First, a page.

Six Days Till Sunday: A Week in the Life of a Sketch
Okay, so you'd like more than six days?
Fine. These are just hypothetical steps that can fit longer schedules just as well.
But don't kid yourself. Many a sketch goes down with even less than six days’ warning.
Monday: Choose sketch
Tuesday: Meet with pastor
Wednesday: Casting and read-through
Thursday: Blocking, memorization
The pastor calls. “This sermon I’m working on could really use a sketch."
“No, problem! I’m sure we can come up with something. What's the main idea?”
"You know what would be great?” he suggested, “A coach talking to a team!”
Heavy sigh. Of course it would. Every week someone suggests the ‘coach and team sketch.’
"Very motivating. What were those major points again?”
Looking at the notes from our phone conversation, I start the weekly prayer, "Lord, help me translate this into a meaningful illustration.”
I dig through my script library, scanning for a topical match. No luck. I try the Web site (www.dramaministry.com). Topical search. Two matches. First one doesn't fit. With a revised introduction, the second one works. Bingo. The hardest part's done.
Before picking up my son from Mom's Day Out, | drop by the pastor's office with a copy of the script.
"Got a minute?” I ask, handing him a copy. Seeing the words in black and white while I ‘pitch’ the idea always seems to help both of us visualize the final performance.
“Terrific. When can | see it?”
"We'll do a final run-through Sunday morning before the service. I’ll check with the music minister for a time.”
Of course, there are just a few steps between now and then.
A call to our ‘leading man’ secures the first role. I'd really like to use the new girl who joined the team, but I'm not sure this is the right role. I feel a little awkward asking her to read for the part, but I reassure myself with the thought that it is better to audition her than cast her in a role she’s not ready to do.
The three of us get together after work to read the script. Not only Is she great, but the ‘audition’ goes so well, it becomes the first read-through. Both actors have some experience, so we get up on our feet and do some preliminary blocking. This helps them in memorizing to know where they stand when they say a given line.
Time to check in with the cast for some housekeeping items. My big costume concern is that they have pockets or a belt for the microphone pack. While I've got them on the phone, we talk about their character homework (trying to get them to think like their characters): what are their intentions? motivations? last names? favorite TV shows? The real nitty-gritty.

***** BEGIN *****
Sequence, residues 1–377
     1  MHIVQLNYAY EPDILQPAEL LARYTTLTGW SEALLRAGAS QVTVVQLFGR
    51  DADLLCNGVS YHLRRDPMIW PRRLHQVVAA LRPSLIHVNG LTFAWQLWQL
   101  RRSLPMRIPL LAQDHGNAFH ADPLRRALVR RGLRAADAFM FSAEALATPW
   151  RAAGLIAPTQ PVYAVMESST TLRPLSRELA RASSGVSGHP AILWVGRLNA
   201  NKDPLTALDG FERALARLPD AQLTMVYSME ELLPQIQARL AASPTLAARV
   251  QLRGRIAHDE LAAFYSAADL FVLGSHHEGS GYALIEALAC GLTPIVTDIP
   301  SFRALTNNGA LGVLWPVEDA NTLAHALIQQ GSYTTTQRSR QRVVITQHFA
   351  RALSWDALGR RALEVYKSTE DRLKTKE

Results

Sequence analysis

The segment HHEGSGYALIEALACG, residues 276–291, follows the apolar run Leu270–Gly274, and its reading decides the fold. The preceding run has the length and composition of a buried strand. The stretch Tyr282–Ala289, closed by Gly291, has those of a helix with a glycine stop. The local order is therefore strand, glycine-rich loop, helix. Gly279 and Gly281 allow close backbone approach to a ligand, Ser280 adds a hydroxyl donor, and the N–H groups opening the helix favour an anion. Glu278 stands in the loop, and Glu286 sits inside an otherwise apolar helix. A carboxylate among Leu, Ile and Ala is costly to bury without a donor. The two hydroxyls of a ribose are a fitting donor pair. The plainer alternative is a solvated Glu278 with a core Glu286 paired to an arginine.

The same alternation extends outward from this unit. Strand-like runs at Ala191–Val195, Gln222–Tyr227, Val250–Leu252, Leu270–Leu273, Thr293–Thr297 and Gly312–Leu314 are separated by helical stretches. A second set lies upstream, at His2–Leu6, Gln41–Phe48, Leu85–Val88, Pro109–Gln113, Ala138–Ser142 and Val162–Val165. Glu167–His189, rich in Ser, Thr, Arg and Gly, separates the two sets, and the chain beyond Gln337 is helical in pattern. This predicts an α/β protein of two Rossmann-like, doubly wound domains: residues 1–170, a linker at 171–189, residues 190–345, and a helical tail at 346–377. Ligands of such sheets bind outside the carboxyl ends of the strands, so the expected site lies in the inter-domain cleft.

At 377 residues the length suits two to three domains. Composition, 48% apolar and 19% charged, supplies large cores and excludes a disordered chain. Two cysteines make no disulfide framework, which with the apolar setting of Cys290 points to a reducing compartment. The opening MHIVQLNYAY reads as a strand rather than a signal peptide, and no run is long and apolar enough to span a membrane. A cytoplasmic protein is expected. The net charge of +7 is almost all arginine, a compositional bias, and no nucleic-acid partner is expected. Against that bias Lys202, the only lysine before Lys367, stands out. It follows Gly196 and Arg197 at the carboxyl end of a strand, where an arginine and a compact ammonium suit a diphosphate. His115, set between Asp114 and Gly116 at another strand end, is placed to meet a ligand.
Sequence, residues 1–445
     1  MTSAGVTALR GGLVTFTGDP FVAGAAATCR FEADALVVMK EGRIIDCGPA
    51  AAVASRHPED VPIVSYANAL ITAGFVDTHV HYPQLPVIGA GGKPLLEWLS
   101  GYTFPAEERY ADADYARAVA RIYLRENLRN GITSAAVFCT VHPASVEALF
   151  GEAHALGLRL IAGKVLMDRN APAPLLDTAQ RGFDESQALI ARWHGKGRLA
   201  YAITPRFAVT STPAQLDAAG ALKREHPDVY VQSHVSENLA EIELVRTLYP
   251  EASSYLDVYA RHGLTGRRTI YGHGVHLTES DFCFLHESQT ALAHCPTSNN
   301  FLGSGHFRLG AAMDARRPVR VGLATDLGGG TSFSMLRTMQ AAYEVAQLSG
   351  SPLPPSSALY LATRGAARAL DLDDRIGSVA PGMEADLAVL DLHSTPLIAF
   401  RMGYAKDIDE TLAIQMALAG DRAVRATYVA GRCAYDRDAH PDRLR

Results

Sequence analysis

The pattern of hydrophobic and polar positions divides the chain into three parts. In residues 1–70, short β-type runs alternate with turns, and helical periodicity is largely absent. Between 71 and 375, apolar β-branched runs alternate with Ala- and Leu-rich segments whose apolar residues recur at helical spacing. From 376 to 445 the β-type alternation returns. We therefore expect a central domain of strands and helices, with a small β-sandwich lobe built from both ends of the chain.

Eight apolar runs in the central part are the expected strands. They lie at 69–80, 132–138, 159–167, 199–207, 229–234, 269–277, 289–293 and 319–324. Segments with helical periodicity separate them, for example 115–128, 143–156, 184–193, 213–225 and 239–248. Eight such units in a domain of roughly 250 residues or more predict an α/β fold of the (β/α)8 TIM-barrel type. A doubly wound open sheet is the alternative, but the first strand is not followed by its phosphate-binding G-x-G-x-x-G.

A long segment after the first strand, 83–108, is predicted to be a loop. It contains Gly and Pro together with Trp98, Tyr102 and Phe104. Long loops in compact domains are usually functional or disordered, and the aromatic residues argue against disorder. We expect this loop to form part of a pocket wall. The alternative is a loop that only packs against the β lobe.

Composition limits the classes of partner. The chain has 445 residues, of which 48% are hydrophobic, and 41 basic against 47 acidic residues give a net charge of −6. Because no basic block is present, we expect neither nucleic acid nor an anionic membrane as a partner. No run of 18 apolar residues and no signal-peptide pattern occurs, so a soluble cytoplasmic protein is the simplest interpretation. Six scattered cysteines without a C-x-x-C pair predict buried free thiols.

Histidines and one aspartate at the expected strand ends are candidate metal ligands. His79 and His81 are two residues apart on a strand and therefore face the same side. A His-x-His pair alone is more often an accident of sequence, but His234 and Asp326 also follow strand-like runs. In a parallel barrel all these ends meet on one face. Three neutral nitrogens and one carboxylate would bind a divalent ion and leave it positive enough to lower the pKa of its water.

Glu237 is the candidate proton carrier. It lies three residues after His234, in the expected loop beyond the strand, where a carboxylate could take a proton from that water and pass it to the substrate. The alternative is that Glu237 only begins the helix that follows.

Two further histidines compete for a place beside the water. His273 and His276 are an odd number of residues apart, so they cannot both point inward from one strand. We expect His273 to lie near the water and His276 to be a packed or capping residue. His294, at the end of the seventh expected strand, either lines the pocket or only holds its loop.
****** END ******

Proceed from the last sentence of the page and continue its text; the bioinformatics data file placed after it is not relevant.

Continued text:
We meet after dropping off our kids at the church for a lock-in. We run through it a few times, tweaking and polishing, fine-tuning the pace. It’s looking good, going faster than usual. So we take advantage of time off from the kids and quit early for a piece of pie.
7 a.m., | bring the donuts. We rehearse it in the space with the lights, microphones and props. Once they feel comfortable, the pastor drops by to see it and solidify his intro.
Our new gal is a bit nervous and wants to hang out in the choir room until it is time to perform. We reassure her that spending time in worship will be the perfect preparation. After all, our performance is really an offering and an act of worship.
The actors sit up front, and | try to discreetly position myself in the middle to read the congregation's response.
The last song is sung, the intro is given, and in seven minutes, it’s all done. A seamless transition back into the sermon, and I can breathe again. I even get something out of the teaching. It must have gone well.
Before they head out to brunch, I ask my cast to ‘tear down’ the set. Or in this case, fold up the chairs and put them away. We huddle in the foyer and talk through the congregation reaction. I comment on their growth from our first rehearsal and thank them for their work. With a hearty handshake and a joking, ‘let’s do this again sometime,’ it’s all over. That is until next week!